I am quoted in this article about a new study into the psychology of conspiracy beliefs. It's fascinating to read that insecurities kindled in people from the time they are infants will shape their predisposition to believe in fantastic, irrational, and unrealistic claims of massive conspiracy theories later in life. These findings are not surprising, though, as a growing body of research has been affirming that people who tend to be the biggest fans of the most outlandish conspiracy theories are also those who feel the most powerless, alienated, and insecure. "Individuals with anxious attachment are preoccupied with their security, tend to hold a negative view of outgroups, are more sensitive to threats, and tend to exaggerate the seriousness of such threats," the study says.
Raising well-adjusted children who are given adequate feelings of security and control in their lives might be a good start to help keep us from raising another generation of kids who will believe that the Earth if flat, that LBJ, J. Edgar Hoover, the Dallas police, Richard Nixon, Ronald Reagan, aliens, oil billionaires, Elvis Presley, Oliver North using a time machine, Frank Sinatra, and John Wayne shooting from the grassy knoll killed JFK.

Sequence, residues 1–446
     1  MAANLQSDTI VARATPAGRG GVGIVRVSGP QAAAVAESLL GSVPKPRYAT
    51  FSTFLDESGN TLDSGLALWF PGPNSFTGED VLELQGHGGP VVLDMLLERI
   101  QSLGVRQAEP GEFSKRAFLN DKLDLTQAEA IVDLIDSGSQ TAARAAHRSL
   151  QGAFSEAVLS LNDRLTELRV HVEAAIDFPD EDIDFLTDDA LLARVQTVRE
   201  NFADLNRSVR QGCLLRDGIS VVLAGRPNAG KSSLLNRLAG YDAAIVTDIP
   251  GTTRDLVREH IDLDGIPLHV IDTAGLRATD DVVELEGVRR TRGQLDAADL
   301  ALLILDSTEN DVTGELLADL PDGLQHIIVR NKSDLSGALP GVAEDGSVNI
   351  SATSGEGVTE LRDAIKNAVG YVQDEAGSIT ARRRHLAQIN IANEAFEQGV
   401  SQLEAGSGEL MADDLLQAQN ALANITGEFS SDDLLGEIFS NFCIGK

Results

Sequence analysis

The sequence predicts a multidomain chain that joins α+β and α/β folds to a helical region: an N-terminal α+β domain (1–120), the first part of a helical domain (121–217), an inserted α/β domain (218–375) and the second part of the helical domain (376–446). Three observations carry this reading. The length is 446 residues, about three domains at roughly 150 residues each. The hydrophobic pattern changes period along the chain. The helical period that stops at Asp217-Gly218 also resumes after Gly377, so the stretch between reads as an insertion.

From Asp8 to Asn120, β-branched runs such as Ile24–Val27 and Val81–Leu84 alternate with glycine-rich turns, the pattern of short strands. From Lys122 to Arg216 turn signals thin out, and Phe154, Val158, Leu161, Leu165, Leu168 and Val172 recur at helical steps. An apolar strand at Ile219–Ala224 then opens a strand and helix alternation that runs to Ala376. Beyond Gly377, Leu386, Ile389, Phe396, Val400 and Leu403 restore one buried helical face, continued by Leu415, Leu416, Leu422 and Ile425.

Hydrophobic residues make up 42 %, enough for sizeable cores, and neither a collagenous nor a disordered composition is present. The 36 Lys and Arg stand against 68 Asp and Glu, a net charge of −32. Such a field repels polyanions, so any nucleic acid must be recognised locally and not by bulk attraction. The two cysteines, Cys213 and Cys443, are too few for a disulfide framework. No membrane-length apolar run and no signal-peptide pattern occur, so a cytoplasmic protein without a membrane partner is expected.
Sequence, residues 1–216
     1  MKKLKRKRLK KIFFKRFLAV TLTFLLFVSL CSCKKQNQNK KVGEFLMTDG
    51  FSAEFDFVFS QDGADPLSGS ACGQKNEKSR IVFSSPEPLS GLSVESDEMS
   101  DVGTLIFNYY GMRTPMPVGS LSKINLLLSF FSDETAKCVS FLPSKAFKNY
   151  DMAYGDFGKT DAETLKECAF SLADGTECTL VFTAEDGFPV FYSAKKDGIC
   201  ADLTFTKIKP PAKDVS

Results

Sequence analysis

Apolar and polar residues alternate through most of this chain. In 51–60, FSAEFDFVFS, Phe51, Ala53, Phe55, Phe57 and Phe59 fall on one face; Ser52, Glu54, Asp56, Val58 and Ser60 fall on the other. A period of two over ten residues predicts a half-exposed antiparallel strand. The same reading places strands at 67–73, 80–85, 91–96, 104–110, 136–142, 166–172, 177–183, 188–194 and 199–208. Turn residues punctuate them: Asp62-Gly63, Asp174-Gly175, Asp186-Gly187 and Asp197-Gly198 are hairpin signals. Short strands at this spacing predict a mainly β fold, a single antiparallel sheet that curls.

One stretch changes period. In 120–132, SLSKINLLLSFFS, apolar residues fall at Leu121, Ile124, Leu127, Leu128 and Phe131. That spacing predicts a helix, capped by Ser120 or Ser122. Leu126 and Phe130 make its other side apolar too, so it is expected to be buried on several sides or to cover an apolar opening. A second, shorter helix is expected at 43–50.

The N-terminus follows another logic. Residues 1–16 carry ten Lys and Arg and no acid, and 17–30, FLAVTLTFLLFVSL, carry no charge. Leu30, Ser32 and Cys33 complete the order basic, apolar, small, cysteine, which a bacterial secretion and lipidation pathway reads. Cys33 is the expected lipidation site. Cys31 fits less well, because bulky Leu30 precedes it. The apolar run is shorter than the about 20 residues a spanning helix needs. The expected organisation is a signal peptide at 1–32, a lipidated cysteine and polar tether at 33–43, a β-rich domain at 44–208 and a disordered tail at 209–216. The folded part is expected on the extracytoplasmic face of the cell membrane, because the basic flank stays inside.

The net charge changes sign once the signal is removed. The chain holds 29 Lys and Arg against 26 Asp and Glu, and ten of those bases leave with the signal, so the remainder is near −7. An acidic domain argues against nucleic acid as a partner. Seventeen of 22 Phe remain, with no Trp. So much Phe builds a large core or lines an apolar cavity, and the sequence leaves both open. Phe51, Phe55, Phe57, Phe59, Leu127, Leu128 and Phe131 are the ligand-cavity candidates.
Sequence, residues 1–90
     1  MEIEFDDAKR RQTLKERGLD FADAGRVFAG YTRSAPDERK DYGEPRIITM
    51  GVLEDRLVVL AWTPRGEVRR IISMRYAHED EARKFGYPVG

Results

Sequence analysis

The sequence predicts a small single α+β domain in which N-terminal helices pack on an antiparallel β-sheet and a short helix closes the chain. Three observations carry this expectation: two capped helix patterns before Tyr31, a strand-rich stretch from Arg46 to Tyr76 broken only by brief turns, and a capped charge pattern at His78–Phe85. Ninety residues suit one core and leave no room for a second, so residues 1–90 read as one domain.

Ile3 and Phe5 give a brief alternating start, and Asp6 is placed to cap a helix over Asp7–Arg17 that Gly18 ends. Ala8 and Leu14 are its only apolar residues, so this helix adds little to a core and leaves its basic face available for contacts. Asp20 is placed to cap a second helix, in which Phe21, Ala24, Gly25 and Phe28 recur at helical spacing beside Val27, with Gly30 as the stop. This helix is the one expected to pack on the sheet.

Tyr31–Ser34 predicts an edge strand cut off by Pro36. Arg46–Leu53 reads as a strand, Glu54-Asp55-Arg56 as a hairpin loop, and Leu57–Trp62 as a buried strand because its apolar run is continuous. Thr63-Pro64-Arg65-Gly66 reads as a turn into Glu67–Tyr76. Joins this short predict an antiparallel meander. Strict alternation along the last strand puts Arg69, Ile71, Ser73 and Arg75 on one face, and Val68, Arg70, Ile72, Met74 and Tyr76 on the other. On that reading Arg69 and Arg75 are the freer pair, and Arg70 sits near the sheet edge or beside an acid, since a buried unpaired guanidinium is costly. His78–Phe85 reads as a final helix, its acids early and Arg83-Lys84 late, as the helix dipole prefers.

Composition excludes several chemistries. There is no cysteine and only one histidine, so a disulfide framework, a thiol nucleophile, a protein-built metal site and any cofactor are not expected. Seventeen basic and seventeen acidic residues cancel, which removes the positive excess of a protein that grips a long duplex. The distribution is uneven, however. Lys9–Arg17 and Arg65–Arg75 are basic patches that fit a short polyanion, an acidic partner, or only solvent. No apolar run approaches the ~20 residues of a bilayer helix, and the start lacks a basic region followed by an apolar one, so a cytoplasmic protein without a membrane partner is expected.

Moreover, as I argue in the article, the educational system needs to do its part in teaching logic, critical thinking skills, and media literacy skills to help young people deconstruct the messages of paranoia hucksters like Alex Jones and the flat Earthers, to understand all of the underhanded and unethical communication tactics conspiracy theorists use to convince the gullible and unwary of everything from "crisis actor" conspiracy theories to the fantasies of the anti-vaccination crowd.
I incorporate such exercises in the class I teach about conspiracy films and American culture at Saint Peter's University. In their semester projects, students need to manufacture their own conspiracy, creating one using tactics such as the reverse scientific process to cherry-pick facts that support preconceived notions, inaccurately assigning causality between unrelated variables, and launching all manner of character assassinations against one's critics. Once students can see how easy it is to create vast conspiracies where none exist, they should hopefully be able to recognize all the flat Earth theories, Moon landing hoax theories, and 9/11 Truther claims for the simple parlor tricks they are.